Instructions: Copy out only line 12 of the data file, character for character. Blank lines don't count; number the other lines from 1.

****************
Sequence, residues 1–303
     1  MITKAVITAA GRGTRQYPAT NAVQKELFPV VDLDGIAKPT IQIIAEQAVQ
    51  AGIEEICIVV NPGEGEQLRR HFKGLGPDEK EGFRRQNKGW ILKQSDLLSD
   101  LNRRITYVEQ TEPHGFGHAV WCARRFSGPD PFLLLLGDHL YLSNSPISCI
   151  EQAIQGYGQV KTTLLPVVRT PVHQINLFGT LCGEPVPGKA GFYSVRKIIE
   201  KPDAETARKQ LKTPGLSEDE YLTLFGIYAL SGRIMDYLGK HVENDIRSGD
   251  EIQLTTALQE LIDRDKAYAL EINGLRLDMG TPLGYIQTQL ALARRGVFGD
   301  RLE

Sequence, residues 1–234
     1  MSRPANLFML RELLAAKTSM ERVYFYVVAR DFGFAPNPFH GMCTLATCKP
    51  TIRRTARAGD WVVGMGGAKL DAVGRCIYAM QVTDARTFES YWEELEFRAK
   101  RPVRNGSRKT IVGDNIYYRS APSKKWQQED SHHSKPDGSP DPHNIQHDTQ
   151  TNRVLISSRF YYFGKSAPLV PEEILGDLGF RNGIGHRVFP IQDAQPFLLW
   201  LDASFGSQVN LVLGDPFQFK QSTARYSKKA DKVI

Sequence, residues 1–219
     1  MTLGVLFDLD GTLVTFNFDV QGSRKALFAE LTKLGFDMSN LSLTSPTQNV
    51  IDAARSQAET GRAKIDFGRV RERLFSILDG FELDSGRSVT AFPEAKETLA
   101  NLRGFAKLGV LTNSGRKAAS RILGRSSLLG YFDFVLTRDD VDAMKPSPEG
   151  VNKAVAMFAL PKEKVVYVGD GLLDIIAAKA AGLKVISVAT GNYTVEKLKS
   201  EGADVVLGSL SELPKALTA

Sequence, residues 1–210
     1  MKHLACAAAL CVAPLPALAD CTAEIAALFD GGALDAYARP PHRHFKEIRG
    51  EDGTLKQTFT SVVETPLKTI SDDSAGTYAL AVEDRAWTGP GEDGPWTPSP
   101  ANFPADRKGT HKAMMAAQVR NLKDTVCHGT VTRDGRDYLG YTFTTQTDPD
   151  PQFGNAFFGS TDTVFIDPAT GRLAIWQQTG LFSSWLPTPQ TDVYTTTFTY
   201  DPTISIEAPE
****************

   101  RPVRNGSRKT IVGDNIYYRS APSKKWQQED SHHSKPDGSP DPHNIQHDTQ